Alexander Hamilton

To prepare for the stage musical, Hamilton–which I have tickets to at the end of August–I have begun reading Alexander Hamilton by Ron Chernow. The paperback version that I have has 731 pages, which means I need to read 24.4 pages per day in order to finish it before I see the show. It’s doable. I think.

It’s a fitting time to study Hamilton, whose singular vision of a world bustling in trade, industry, stock markets and banking is fully expressed in modern America. Indeed, it was Hamilton’s work that shaped our military, banks, and financial institutions. Furthermore, it was Hamilton who envisioned the magnitude of the federal government’s powers. Over two centuries later, we are still living in Hamilton’s America. The interplay between capitalism and government is indisputably Hamiltonian.

From a personal viewpoint, I have lately begun to question whether capitalism is a good fit for our world going forward. In simplistic terms, capitalism values private ownership and profits. In today’s 7-billion-plus populated world, those ideas of competition as an engine of wealth begin to harshly chafe against all-too-real issues of poverty, stagnating wages, limited natural resources, shrinking habitable land, not to mention a polluted environment. While capitalism undoubtedly pushed societal progress in the form of the Industrial Revolution and brought on the Internet Economy, it accentuates very primal traits in humans: that of the urge for mass consumption and the need to win. We now live in a world where there is enough for everyone, truly. There is no good reason why there should be anyone in poverty. But there is. We come into the world with nothing and we will die without being able to take anything with us. Yet, we spend our entire lifetime trying to amass property.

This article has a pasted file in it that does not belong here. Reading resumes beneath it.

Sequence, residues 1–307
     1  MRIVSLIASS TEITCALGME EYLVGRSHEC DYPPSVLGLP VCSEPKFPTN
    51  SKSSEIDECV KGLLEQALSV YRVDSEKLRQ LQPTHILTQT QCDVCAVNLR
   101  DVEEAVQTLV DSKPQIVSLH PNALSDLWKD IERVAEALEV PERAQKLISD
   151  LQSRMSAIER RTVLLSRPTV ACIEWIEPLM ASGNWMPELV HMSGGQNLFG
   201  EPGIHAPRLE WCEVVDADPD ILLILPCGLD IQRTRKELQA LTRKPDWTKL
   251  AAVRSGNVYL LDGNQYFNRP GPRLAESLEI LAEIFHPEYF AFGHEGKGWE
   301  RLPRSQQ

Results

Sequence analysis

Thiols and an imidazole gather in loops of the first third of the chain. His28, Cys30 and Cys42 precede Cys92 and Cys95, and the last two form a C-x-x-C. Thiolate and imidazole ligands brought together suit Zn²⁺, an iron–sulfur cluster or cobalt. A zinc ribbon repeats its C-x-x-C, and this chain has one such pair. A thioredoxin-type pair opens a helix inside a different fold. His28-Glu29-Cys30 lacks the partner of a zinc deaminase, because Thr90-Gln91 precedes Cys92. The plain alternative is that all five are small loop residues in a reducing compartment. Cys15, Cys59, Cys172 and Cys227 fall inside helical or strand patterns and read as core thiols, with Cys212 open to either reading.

Of course, the world is complicate. Solutions are not easy. And truth be told, not everyone is motivated to live in a world where everyone does well.